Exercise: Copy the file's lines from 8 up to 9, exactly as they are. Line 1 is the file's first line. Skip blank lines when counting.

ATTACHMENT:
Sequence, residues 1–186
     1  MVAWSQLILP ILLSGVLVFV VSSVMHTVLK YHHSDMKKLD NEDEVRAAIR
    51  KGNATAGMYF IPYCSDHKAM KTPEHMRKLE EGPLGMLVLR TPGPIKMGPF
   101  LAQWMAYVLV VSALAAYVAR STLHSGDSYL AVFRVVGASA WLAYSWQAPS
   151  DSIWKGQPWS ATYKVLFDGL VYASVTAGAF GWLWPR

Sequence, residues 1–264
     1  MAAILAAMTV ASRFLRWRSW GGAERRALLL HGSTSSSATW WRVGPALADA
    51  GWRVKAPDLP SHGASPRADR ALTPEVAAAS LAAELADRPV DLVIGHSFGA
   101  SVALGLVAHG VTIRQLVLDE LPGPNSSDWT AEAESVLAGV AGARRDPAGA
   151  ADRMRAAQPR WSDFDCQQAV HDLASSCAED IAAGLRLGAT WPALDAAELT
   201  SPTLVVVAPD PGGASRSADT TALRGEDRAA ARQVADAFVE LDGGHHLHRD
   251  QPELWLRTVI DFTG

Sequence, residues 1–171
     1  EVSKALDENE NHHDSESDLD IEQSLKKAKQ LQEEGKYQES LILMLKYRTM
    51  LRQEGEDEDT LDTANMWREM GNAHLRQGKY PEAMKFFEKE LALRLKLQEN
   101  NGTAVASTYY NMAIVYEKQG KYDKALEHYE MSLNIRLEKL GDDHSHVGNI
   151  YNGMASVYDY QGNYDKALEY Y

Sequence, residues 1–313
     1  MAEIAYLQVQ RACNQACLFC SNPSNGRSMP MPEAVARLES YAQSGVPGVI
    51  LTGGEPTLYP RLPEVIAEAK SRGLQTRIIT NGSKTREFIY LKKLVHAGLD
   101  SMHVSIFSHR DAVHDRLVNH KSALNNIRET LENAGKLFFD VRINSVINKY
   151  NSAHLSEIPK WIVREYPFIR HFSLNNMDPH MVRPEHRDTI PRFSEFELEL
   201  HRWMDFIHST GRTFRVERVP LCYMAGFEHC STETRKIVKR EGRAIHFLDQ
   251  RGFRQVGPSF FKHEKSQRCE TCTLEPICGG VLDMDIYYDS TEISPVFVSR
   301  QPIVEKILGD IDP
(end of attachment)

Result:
    51  GWRVKAPDLP SHGASPRADR ALTPEVAAAS LAAELADRPV DLVIGHSFGA
   101  SVALGLVAHG VTIRQLVLDE LPGPNSSDWT AEAESVLAGV AGARRDPAGA